The Law of Alternative Work Arrangements: Furloughs, Reduced Work Weeks & Flexible Work Arrangements
Layoffs are not the only option for corporations facing the need to cut costs. Alternatives include mandatory furloughs, reduced work weeks and flexible work arrangements; however, employers must implement these strategies while keeping state and federal wage-and-hour laws in mind. Leila Narvid, an attorney in Payne & Fears LLP’s San Francisco office, quoted extensively in an article on TheGlassHammer.com, discusses the legal pitfalls of implementing such programs.
For example, mandatory work furloughs may be difficult to implement with “exempt” employees (those who are exempt from the wage-and-hour regulations covered by the Fair Labor Standards Act and other state laws). “If any exempt employee performs any work during a work week,” Narvid says “that person must receive his or her entire salary for that week.” Thus, failure to pay an exempt employee for a week where any work is performed — even very minimal work — can jeopardize that employee’s exempt status. Narvid recommends that employers should inform exempt employees that absolutely no work is authorized during the furlough period without advance permission.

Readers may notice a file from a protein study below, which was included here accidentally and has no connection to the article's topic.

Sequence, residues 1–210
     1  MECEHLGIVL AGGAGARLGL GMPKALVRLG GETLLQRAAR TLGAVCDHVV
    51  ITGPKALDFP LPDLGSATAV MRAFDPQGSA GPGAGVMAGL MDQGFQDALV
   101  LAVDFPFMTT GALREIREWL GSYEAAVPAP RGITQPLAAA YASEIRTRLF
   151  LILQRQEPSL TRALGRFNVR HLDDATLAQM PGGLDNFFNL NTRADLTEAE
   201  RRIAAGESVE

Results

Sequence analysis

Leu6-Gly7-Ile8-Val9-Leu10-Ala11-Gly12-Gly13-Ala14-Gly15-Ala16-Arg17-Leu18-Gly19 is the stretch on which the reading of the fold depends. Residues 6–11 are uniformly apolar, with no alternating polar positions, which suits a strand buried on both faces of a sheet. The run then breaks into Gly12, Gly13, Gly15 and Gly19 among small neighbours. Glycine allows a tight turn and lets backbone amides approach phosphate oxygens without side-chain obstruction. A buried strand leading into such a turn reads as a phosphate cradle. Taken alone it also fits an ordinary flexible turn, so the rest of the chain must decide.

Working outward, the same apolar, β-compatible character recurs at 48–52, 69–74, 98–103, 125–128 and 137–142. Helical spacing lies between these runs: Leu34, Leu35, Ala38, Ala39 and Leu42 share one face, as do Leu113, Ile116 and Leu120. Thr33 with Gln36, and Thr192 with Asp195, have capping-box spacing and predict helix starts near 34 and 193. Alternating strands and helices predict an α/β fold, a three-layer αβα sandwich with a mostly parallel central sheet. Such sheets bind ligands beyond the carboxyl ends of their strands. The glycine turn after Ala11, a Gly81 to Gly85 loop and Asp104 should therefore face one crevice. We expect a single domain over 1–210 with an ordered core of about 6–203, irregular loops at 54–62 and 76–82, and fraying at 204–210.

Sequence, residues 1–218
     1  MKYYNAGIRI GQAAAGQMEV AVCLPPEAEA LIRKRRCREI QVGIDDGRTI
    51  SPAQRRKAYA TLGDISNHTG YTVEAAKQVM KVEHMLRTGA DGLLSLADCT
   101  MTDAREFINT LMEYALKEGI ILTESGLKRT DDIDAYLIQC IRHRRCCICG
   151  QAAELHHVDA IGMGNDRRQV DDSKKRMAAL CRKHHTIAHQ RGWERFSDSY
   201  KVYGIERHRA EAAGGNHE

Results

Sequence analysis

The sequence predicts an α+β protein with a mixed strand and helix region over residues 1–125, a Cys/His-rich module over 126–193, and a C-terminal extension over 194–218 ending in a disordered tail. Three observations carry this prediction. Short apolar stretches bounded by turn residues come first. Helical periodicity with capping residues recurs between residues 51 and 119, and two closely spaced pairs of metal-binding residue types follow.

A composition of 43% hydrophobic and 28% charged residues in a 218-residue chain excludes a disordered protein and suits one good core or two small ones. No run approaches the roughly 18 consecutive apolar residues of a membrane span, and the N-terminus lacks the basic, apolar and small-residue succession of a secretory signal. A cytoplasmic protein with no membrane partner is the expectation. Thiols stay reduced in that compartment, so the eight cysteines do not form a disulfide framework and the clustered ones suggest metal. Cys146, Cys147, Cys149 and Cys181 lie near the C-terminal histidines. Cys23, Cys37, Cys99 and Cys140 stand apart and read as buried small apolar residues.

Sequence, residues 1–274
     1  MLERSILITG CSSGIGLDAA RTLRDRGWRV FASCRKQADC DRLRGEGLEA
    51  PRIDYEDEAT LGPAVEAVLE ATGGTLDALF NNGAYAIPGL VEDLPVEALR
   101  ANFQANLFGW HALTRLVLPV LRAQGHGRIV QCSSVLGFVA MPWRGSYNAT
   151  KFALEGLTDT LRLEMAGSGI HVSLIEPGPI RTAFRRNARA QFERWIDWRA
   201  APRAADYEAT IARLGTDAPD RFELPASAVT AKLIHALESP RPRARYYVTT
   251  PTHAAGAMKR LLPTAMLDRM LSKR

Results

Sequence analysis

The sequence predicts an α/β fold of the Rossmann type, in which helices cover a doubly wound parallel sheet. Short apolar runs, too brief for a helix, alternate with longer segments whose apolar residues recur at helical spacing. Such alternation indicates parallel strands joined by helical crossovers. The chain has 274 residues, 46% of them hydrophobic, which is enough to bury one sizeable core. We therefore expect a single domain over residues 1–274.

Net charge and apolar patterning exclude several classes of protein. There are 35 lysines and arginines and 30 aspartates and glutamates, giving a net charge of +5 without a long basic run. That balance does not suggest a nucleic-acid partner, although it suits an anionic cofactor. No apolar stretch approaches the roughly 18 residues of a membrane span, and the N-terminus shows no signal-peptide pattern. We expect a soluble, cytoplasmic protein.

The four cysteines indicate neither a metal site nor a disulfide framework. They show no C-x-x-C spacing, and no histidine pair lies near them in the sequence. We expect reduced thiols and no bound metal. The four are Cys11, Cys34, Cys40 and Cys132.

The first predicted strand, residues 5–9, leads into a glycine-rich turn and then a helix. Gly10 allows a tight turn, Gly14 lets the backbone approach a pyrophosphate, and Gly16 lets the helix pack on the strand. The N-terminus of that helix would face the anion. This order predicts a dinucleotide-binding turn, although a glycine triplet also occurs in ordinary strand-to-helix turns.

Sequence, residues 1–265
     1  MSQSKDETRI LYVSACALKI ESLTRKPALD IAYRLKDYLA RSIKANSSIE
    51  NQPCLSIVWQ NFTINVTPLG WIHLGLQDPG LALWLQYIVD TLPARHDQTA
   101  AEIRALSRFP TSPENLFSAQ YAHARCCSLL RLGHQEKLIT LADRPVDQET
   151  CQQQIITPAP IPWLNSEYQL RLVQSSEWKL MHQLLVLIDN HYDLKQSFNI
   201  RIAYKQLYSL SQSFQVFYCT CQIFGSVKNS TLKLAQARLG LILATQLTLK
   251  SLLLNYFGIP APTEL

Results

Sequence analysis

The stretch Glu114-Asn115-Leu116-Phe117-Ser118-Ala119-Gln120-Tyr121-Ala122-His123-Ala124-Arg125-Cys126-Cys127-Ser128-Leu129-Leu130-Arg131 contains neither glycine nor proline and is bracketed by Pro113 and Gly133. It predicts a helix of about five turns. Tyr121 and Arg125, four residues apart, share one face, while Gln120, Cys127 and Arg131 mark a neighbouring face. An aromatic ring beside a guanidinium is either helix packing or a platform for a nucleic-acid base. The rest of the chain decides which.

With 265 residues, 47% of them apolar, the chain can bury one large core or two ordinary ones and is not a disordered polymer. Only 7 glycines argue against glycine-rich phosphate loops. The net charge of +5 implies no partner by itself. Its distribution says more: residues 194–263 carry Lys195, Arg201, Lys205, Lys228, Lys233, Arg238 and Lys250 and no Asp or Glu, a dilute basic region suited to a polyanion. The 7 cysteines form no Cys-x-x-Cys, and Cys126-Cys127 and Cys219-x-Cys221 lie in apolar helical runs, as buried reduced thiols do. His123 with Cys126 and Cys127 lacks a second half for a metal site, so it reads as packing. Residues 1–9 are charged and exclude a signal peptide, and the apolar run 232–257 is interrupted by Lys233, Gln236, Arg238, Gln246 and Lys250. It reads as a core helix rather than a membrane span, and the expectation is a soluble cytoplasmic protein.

Narvid also cautions that employers must be careful when implementing a reduced work week for reduced wages so that the reduced wage does not bring the employee’s salary below the required threshold amount — $455 per week under federal law, and higher in some states. “The least risk is taken by reducing the pay of exempt employees without dictating the hours they work,” Narvid suggests. Finally, Narvid explains that while flexible working arrangements are gaining popularity, employers must carefully review their policies to ensure compliance with wage-and-hour laws, such as the FLSA, many of which were not designed to be flexible or to facilitate the practical concerns of the modern-day employer and employee. However, if legislation currently pending in Congress is passed, Working Family Flexibility Act, then state and federal regulators will be forced to clarify labor and employment laws that affect flexible work arrangements.
All employers should review their policies, handbooks and employment contracts before implementing any of the alternatives to layoffs.